Timber production is an economically important provisioning ecosystem service in forests, but is often in conflict with the provision of other ecosystem services. In multifunctional forestry, the production of timber and non-timber ecosystem services should coexist in the same landscape. To this end, we explored the capacity of a boreal landscape to simultaneously produce collectable goods − bilberry (Vaccimium myrtillus L.), cowberry (Vaccinium vitis-idaea L.) and cep (Boletus edulis Bull.) − alongside timber revenues. We also identified optimal forest management plans to achieve this. Furthermore, we analyzed trade-offs between collectable good yields and timber production, as well as between their economic values. We ran forest growth simulations under seven alternative management regimes at a landscape level across 50-year planning horizons. Then, we used multi-objective optimization to explore trade-offs and identify optimal forest management plans. The results showed that the strongest trade-off was between bilberry and timber production, resulting in a large loss in timber revenues for a gain in bilberry production. However, the conflicts between other collectables and timber production were relatively small: it was possible to increase the provision of collectable goods 4–15% with small reductions (3−5%) from timber revenues. With careful forest planning, there is the potential to simultaneously produce high levels of collectable goods and timber revenues in the landscape.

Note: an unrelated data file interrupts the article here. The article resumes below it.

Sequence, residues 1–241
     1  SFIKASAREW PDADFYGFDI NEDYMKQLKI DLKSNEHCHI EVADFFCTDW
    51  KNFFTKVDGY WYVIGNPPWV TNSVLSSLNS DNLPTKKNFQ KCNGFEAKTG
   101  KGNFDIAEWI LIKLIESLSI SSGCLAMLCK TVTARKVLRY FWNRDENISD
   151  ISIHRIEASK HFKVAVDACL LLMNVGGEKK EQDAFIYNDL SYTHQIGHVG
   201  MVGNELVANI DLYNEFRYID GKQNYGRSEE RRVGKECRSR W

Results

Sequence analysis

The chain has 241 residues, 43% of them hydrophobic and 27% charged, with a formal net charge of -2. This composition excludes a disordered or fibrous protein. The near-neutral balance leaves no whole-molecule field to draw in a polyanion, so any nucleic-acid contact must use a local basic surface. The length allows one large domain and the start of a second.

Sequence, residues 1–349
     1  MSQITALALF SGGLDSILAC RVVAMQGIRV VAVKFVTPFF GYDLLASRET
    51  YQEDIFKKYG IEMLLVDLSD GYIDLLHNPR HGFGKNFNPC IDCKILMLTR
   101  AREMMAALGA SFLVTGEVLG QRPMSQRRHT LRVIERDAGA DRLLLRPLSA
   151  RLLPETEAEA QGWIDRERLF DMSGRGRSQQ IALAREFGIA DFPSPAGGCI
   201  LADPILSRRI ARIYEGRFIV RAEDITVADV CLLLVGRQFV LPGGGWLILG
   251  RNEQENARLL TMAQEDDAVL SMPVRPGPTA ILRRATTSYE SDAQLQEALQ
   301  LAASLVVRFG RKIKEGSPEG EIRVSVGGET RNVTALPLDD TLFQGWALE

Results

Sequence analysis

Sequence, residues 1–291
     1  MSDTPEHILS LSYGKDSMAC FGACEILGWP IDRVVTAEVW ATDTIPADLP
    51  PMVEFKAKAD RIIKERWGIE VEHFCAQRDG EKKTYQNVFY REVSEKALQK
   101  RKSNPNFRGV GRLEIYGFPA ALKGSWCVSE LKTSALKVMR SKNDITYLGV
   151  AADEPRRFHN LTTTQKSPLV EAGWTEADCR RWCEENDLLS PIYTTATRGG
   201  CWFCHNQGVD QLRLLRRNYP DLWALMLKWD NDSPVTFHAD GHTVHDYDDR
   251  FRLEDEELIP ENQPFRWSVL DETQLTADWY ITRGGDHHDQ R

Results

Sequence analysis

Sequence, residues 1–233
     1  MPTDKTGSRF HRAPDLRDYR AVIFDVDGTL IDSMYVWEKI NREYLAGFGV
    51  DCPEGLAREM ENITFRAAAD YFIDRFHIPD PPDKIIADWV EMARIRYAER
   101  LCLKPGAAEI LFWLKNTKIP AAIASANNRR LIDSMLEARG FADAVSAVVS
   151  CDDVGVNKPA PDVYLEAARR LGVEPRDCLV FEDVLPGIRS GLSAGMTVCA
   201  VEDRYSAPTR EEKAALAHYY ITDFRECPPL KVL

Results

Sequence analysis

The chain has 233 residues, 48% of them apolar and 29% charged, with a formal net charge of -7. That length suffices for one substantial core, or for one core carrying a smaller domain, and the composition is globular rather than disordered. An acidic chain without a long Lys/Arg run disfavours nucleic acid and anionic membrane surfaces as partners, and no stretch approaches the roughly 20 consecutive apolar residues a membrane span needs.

We investigated the impact of natural enemies on the cocoon mortality of the common pine sawfly (Diprion pini L.) during a six-year period in eastern Finland. The enemies were classified into parasitoids (insect families Chalcidoidea, Ichneumonidae, and Tachinidae), and predators (birds, small mammals, and insect families Elateridae and Carabidae). The appearance of D. pini was estimated as the intensity of annual defoliation. The impact of stand characteristics on the performance of parasitoids and predators was also investigated. Influence of the natural enemy complex on cocoon mortality of D. pini was nearly stable, but defoliation intensity slowly declined towards the end of the study period. Annual cocoon mortality by natural enemies varied between 66% and 80%. Our results verified that the most significant mortality factors were ichneumonid parasitoids and small mammals. Random Forest classification indicated that stand characteristics, such as basal area, and coverage of lichen (Lichenes) and lingonberry (Vaccinium vitis-idaea L.) affected the performance of parasites and predators. We suggest that a combination of optimal stand characteristics, abiotic environmental factors and mild to moderate control by natural enemies acted as drivers, which drove the pine sawfly population to extended gradation. For future forest health management, detailed information on abiotic and biotic regulating factors, along with long-term monitoring campaigns for conifer sawflies are needed to adapt Fennoscandian forests to altered climatic and silvicultural conditions.